Some attorneys choose to work on improving their professional performance, while others are looking for ways to better manage stress, burnout or to achieve work/life balance. Other lawyers want to improve their managerial skills. While others hire a Professional Coach because they need help leaving the practice of law or finding a more fulfilling position within the law. Although clients report that they find coaching to be therapeutic, coaching is not Therapy. Coaching is present and future focused, and unlike therapy, coaching does not address mental health issues or past traumas and experiences.

According to a 2001 article published in the Massachusetts Lawyers Weekly:

"Lawyers are good subjects for coaching because they are results-oriented professionals. But like most busy professionals,it is hard for lawyers to consistently focus on things that are important,but not urgent. In addition, while attorneys may get good training in "lawyering" in the early years of practice, they are less likely to get any consistent and focusedtraining on how to develop their professional and personal lives. A law degree can still open up a lot of doors for you, but real career satisfaction takes both hard work and planning. Having the degree, and working in a good law firm, are not enough."

Coaching is a collaborative process that is focused and results oriented. A Professional Coach can help lawyers overcome challenges, increase strategic thinking and improve communication skills. In addition, many lawyers hire Coaches to help them develop a savvy professional image, cultivate ongoing career and personal goals and to achieve greater work-life balance. Unlike a consultant, a Coach doesn't come in and solve the problem for you. Instead, a Coach partners with you to assess how best to resolve issues and achieve your goals.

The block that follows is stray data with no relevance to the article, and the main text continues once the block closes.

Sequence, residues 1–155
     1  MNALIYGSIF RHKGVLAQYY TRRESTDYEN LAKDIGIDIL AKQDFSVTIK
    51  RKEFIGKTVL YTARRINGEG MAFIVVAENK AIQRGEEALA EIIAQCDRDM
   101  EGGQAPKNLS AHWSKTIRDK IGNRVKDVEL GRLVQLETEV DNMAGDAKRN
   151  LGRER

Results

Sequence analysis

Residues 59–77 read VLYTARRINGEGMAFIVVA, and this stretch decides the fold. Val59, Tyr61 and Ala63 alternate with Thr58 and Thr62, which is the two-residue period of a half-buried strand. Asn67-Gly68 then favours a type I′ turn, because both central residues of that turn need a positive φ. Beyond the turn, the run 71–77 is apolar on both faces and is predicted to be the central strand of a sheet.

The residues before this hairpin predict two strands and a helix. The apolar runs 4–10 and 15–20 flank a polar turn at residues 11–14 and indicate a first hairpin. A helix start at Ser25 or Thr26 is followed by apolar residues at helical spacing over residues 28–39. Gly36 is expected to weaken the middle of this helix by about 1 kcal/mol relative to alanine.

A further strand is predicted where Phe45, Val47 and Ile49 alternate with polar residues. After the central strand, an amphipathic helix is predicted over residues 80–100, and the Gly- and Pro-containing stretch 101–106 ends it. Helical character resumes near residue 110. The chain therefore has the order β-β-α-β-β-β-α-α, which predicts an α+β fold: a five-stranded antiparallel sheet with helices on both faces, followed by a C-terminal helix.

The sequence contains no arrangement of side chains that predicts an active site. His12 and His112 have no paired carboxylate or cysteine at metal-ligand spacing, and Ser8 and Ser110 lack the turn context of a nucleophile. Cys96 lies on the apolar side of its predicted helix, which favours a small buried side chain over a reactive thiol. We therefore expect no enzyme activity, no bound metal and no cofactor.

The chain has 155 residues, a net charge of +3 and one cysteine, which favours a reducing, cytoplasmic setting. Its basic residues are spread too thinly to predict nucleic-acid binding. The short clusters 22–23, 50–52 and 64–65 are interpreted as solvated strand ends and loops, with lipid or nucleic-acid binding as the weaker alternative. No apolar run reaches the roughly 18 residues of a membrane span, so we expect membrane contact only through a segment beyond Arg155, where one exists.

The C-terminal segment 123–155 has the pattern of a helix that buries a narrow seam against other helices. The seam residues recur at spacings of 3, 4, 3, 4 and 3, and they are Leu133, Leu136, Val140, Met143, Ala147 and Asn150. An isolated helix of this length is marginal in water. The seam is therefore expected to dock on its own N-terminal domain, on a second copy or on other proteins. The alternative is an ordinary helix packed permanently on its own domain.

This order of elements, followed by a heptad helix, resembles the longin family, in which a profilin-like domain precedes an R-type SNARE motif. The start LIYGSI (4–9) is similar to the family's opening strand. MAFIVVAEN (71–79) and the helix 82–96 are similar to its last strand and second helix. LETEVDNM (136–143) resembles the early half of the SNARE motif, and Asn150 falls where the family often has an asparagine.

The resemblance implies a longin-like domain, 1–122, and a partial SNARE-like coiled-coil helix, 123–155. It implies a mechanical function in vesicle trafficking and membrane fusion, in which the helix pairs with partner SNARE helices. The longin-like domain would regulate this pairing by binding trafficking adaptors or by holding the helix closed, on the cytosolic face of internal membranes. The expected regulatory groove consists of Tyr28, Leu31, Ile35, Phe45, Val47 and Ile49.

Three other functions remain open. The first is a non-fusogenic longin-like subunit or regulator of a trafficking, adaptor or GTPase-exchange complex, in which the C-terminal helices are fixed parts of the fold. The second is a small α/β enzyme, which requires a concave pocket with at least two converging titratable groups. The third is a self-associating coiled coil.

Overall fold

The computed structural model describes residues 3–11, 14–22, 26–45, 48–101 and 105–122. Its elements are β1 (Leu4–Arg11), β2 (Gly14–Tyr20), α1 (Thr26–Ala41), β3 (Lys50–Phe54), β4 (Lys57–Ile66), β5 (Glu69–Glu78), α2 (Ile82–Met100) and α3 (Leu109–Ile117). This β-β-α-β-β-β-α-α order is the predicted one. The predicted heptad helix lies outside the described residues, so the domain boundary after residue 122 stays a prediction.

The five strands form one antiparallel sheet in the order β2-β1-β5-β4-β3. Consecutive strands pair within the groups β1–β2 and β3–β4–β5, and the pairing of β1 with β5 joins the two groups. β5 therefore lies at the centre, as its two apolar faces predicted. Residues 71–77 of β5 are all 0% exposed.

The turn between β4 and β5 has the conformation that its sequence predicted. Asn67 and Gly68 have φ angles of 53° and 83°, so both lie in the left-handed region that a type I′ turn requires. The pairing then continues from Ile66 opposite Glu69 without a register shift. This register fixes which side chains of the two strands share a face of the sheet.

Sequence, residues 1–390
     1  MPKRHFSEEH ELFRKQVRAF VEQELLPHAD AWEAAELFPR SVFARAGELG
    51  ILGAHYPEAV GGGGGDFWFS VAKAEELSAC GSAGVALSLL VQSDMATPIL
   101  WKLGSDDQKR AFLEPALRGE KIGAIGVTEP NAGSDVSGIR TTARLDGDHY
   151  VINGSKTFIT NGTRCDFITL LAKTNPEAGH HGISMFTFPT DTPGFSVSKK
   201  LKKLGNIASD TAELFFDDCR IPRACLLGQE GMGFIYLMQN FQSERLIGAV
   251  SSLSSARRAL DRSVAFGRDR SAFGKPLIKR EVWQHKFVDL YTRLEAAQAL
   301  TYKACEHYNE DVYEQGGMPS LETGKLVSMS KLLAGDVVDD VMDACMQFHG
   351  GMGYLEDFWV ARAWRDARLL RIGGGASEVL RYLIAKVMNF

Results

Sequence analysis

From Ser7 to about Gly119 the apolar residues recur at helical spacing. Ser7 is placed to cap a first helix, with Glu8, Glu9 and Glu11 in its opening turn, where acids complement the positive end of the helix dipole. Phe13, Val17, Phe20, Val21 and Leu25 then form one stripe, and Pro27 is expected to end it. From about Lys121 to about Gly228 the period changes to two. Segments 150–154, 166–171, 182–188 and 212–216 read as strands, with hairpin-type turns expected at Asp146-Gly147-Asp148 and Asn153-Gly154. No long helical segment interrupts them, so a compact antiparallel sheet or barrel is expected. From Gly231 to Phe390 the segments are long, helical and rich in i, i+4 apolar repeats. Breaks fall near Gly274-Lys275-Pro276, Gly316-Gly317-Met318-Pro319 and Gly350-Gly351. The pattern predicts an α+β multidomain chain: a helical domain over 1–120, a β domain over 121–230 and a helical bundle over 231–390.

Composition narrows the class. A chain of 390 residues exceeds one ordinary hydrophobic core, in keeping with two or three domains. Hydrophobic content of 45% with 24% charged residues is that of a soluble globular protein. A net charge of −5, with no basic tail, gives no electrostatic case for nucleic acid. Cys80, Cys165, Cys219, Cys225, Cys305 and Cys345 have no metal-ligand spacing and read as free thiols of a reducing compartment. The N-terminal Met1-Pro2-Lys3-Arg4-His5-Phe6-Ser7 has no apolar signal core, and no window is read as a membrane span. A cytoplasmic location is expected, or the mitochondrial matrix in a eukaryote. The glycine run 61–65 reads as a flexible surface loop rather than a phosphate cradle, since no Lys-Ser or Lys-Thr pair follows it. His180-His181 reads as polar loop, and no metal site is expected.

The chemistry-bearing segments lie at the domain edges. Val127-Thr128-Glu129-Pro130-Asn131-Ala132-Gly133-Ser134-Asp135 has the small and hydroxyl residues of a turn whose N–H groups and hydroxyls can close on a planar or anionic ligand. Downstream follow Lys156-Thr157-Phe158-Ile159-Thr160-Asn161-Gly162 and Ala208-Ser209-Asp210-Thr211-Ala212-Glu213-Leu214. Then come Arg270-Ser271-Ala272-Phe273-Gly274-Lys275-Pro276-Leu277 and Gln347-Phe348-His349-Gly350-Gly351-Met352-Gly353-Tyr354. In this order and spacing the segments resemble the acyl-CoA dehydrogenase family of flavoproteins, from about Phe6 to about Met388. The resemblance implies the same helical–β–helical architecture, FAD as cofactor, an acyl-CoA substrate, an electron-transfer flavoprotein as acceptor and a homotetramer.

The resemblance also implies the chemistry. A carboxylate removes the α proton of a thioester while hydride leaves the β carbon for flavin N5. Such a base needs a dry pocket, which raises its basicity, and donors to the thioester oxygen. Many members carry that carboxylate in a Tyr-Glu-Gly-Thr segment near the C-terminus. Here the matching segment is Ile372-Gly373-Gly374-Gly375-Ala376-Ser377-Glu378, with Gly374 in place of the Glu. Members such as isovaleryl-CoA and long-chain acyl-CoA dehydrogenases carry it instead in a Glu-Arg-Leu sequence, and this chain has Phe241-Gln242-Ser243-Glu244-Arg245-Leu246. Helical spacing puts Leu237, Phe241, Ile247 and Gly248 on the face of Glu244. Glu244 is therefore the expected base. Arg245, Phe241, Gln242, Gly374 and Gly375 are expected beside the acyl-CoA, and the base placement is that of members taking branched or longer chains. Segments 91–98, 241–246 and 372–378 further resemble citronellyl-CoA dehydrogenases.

How does Coaching work?
Most Coaches meet with their clients via telephone on a weekly basis. Sessions usually last 30-40 minutes. Coaches are governed by the International Coaches Federation which requires that all client/coach communications be held strictly confidential.

So in a Executive Coach can provide the insight, accountability, resources and strategic planning that a lawyer needs in order to build a successful career and fulfilling personal life

Would you like to learn more?

The best way to learn about Coaching is to experience it. Set up a Complimentary Coaching session, and receive help with a personal or professional development issue. No strings. To schedule an appointment send an e-mail to Write "Complimentary Coaching Session" in the subject line and our lawyer coach will contact you shortly.

Monday, November 20, 2006


Top 10 Ways a Lawyer Can Benefit from Working with a Professional Coach

1. Achieve better focus. When the majority of your time is spent juggling cases, keeping track of clients, meeting goals for billables and balancing your personal life, it's hard to focus on anything other than making it through the day. A Professional Coach will help you focus your energy so you can achieve your goals with greater ease despite your hectic schedule.

2. Manage and Develop a Successful Legal Career. Developing a successful career depends largely on your ability to structure your career in alignment with your personal and professional goals. Coaching can help you clarify your vision and goals. When was the last time you considered what YOUwant in your legal career and in your personal life? The practice of law is fast paced and it's tough to find time to slow down and ask yourself some meaningful questions. Through Coaching, you'll have the opportunity to examine what you want, what motivates you, where you get stuck or distracted and much more. The coaching process allows you to learn about what you value, what it will take to build a fulfilling career and how you can design a balanced personal and professional life. When was the last time you had a conversation with someone who was fully committed to you and your success? That's the job of a Professional Coach.